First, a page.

Sybille Bedford’s The Faces of Justice observes judging, personally, in five European countries

Novelist Sybille Bedford (1911-2006) was a German-born writer of Jewish heritage who, as an ex-patriot and later refugee from Germany, lived and wrote in Italy, France, the United States, and England. In this compelling classic, she watched courts closely—and with remarkable insight—in England, France, Switzerland, Germany, and Austria. There, she found stories of human frailty and impulsive action, among both the defendants facing judgment in court and the judges and juries deciding their fates. Their tales are fascinating and resonate today.

Not only are the social and political differences apparent in these countries and in their machinery of crime and justice, but also their historic perceptions of fairness and order are laid bare. In the process, Bedford recounts the compelling saga of a father on trial in Germany for killing the man who repeatedly exposed himself to the defendant’s young daughter, the immigrant in Switzerland who swiped a watch to impress a chambermaid, the Algerians in France who shot up a series of Parisian cafes, and the English woman sentenced for forgetting to pay for her butter while she was distracted by sudden news that her father was dying. Scores of other gripping stories are shared, across several cultures and systems.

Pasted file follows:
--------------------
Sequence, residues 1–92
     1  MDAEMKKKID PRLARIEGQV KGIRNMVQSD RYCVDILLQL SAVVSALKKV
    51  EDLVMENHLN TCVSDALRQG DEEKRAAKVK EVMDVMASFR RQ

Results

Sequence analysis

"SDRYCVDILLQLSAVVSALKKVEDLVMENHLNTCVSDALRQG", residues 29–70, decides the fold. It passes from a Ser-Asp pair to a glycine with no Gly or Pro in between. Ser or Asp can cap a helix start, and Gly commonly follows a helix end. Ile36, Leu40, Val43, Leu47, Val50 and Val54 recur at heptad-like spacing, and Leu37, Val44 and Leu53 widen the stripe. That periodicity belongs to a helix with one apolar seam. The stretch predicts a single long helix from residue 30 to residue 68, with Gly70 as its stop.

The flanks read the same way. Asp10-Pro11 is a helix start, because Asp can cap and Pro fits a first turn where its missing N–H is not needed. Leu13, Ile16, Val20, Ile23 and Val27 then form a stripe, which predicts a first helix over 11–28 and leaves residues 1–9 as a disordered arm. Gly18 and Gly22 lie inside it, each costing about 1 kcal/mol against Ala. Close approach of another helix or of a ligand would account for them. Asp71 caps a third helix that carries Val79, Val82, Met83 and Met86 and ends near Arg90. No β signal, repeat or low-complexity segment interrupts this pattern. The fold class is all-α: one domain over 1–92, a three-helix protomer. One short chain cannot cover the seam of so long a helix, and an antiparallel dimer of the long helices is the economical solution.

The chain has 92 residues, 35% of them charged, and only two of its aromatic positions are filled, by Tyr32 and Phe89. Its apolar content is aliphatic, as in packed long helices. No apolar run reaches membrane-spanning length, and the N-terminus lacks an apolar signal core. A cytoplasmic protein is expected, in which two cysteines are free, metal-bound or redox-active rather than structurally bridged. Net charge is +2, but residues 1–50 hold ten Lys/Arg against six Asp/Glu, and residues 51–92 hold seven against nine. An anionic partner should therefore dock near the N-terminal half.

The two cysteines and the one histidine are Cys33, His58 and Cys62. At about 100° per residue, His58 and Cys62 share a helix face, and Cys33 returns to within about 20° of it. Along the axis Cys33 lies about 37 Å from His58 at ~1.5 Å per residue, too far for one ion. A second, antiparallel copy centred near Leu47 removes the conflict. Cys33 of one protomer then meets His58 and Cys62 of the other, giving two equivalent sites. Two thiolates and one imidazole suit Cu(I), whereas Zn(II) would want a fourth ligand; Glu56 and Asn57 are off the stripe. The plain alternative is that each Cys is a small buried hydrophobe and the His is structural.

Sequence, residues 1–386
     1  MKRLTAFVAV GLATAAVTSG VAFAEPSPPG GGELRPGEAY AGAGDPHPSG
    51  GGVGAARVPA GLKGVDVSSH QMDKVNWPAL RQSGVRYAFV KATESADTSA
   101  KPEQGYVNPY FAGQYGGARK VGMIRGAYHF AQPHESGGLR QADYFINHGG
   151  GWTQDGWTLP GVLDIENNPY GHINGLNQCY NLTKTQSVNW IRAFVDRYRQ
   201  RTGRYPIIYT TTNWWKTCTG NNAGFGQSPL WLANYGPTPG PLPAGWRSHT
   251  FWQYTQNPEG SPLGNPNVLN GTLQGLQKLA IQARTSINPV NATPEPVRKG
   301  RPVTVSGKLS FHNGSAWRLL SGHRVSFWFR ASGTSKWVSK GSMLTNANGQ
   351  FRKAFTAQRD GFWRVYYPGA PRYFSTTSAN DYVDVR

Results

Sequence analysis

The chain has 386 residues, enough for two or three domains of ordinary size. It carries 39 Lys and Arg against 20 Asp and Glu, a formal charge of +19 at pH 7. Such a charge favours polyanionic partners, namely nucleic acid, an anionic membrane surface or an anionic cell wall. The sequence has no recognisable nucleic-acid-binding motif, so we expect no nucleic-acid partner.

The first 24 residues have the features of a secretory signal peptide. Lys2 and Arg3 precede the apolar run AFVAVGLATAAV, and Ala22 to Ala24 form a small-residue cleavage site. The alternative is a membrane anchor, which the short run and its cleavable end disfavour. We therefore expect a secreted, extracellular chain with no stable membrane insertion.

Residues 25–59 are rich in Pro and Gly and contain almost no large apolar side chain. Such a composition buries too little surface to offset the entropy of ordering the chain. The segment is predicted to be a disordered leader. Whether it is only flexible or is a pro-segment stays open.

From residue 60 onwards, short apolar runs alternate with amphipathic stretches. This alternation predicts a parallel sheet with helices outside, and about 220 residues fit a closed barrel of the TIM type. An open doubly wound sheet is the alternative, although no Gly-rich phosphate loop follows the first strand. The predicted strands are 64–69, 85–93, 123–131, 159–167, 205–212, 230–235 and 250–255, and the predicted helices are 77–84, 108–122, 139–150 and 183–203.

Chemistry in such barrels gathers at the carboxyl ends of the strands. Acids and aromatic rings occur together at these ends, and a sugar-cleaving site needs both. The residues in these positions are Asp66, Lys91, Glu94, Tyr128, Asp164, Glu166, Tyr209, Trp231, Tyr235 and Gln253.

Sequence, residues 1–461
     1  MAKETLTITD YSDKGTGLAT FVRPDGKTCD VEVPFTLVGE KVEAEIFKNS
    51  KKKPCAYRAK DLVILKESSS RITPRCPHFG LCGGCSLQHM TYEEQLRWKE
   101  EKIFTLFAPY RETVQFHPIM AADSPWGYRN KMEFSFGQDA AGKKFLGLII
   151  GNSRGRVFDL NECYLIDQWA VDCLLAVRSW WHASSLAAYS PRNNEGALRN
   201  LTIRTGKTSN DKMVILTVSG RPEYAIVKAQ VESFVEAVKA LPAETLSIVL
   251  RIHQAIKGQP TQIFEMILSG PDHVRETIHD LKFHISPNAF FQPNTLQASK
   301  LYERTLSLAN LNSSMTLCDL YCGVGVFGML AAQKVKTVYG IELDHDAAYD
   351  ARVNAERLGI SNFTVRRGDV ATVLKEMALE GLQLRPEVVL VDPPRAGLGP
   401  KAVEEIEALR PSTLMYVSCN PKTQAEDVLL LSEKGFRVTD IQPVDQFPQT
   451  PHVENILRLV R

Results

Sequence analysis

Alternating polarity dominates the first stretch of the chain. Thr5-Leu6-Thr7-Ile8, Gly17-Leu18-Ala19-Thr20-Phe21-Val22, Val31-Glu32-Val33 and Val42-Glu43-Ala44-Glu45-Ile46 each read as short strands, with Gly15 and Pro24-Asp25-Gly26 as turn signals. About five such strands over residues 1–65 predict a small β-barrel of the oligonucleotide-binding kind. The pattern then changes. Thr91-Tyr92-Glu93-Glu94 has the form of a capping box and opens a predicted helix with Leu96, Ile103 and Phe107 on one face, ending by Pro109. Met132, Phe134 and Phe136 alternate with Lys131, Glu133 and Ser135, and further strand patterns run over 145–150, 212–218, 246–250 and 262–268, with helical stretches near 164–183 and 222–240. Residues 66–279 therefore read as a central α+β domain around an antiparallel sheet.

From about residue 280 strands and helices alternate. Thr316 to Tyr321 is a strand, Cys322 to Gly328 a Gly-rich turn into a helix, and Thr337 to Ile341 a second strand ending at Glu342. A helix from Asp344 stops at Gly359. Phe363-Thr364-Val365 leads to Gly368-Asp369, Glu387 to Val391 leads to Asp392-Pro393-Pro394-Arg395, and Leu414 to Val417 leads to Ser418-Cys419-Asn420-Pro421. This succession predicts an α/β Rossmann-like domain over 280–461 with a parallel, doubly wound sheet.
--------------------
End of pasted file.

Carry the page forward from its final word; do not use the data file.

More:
Although this book has long been recognized as an outstanding account of comparative legal systems and courtroom procedure, it does not read at all like a dry legal study. Bedford focuses on the real people involved, and writes with depth and feeling, leading to the wide acclaim this classic book has enjoyed over the years. It is accessible and interesting to a general audience, students, and others curious about how courts work and judges act—at the most basic level.

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ISBN 978-1-61027-907-9 (paperback)
ISBN 978-1-61027-906-2 (eBook)
ASIN B00AQJ03A2 (Kindle)
Full title: The Faces of Justice: A Traveller’s Report
200 pp.


Sybille Bedford (1911-2006) was a German-born writer who, for most of her long life, lived and wrote in England, France, the United States, and Italy. Her novels include A LEGACY, JIGSAW, A VISIT TO DON OTAVIO, and A COMPASS ERROR. She also contributed articles to leading magazines and wrote acclaimed books of nonfiction, often involving courts and famous trials. Her biography of Aldous Huxley is considered the definitive one. Her last book, QUICKSANDS, was her memoirs; it was greeted, “It’s a little miracle,” by the New York Times Book Review, taking the reader from her childhood in World War I’s Germany, her opposition to the rise of Naziism, the nomadic years in postwar Europe, a long friendship with the Huxleys, and her moving account of 9/11.